Maharlika to bankroll Marcos infra projects
MANILA -The proposed Maharlika Investment Fund (MIF) is primed to help bankroll the Marcos administration’s pipeline of 194 infrastructure flagship projects, and the bill that establishes the MIF is hoped to be ratified in Congress as early as Thursday, according to Budget Secretary Amenah Pangandaman.
“Hopefully, if the period of interpellation at the floor will be ended today (May 29), we’ll have the bicameral conference by Tuesday or Wednesday, and have it (bill) ratified on Thursday (before Congress goes on recess next week),” Pangandaman said in a meeting with editors and reporters at the Inquirer Group.
She said the latest iteration of the MIF, as proposed, has seen major changes since this was first brought up in public discussions in late 2022.
Pangandaman cited as an example the exclusion of the pension funds—the Government Service Insurance System and the Social Security System—from a short list of entities that will be mandated to contribute to the seed capital of the MIF.
Still on the list are Land Bank of the Philippines, Development Bank of the Philippines and Philippine Amusement and Gaming Corp. as well as proceeds from the privatization of government assets and dividends from the Bangko Sentral ng Pilipinas (BSP).
“And then there’s much more safeguards now provided,” the budget chief said. “I think it would be more acceptable to everyone.”
By safeguards, Pangandaman meant that the MIF will answer to and be overseen by several groups, including an audit committee, advisory board and a Congressional oversight committee.
The MIF will also be scrutinized by the Commission on Audit, will be subject to the government procurement law, and will adhere to the internationally adopted Santiago Principles.
The Santiago reference relates to 24 internationally accepted principles and practices for sovereign wealth funds (SWF), which are designed to promote good governance, accountability, transparency and prudent investment practices while encouraging a more open dialogue and deeper understanding of SWF activities.
On the sidelines of the annual membership meeting of the Fintech Alliance of the Philippines, BSP Governor Felipe Medalla said he remained supportive of the MIF.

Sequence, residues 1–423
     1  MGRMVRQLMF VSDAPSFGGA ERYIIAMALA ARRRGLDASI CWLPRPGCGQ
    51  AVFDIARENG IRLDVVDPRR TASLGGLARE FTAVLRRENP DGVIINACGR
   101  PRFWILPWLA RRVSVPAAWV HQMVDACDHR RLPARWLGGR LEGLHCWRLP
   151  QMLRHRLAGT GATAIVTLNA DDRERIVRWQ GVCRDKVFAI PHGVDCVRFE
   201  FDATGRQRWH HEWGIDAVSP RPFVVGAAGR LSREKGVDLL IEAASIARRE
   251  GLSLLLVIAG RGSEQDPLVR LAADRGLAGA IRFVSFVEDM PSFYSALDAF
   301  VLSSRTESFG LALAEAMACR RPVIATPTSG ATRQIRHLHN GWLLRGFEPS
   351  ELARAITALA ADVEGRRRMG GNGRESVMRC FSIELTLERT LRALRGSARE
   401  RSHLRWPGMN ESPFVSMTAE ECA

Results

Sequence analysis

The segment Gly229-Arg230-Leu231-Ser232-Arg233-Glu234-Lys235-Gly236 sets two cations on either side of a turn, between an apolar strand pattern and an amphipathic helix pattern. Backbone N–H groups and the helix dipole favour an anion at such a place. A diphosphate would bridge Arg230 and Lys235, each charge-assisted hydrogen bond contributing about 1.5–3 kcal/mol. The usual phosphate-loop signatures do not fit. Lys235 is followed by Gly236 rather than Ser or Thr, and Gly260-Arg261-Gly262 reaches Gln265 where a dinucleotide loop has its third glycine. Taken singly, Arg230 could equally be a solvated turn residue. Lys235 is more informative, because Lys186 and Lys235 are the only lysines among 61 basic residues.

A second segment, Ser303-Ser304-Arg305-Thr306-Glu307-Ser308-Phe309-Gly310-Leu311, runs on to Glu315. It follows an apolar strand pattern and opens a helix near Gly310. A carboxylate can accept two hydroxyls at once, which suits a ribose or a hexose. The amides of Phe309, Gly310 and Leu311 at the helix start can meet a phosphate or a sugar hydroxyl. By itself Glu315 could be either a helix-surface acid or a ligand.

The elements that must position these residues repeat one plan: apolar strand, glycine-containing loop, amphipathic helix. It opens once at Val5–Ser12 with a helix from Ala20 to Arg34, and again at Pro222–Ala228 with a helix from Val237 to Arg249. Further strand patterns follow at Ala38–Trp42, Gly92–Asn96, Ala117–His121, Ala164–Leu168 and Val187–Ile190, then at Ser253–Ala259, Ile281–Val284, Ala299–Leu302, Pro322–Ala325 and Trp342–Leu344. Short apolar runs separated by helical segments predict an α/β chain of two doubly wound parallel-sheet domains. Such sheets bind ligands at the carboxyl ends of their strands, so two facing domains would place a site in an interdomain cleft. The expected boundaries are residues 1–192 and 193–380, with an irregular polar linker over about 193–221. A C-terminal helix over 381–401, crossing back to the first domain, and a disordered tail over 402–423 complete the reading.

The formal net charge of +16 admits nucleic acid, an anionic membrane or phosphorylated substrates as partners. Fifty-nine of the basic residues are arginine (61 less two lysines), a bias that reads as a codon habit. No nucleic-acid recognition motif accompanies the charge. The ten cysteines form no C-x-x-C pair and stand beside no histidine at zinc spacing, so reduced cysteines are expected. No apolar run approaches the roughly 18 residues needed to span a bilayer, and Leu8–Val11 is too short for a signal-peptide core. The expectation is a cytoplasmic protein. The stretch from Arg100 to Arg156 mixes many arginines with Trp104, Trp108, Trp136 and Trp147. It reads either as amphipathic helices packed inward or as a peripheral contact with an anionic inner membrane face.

Medalla said “the bill as it is now is OK,” as it went through a long period of discussion on the proposed fund.
“For instance it is no longer a sovereign wealth fund. It is now more of a national development fund,” he said.
The MIF is now “an investment fund, I think, for targeted strategic objectives of the national government and maybe including (projects that would help address) climate change,” he added.
Last March, Secretary Arsenio Balisacan of the National Economic and Develop unveiled the Neda Board-approved list of 194 Infrastructure Flagship Projects that cost a total of about P9 trillion.
Balisacan said the majority of these infrastructure flagship projects are in physical connectivity and water resources, which include projects in irrigation, water supply, and flood management.
The list also includes projects in digital connectivity, health, power and energy, agriculture, and other infrastructure.
Some of the new projects included in the list are the Panay Railway Project, Mindanao Railway Project III, North Long Haul Railway, San Mateo Railway, UP-PGH Diliman Project, the NAIA or Ninoy Aquino International Airport Rehabilitation Project, Ilocos Sur Transbasin Project, and the Metro Cebu Expressway.
Balisacan said these projects will adopt an optimal mix of financing from various development partners through official development assistance, the national government through general appropriations, and the private sector particularly public-private partnerships (PPPs).
On Monday, Pangandaman said it would be better to have the MIF invest in these projects rather than the government spending on them through the national budget.
This would add a push to the administration’s intention of strongly promoting the use of PPPs.
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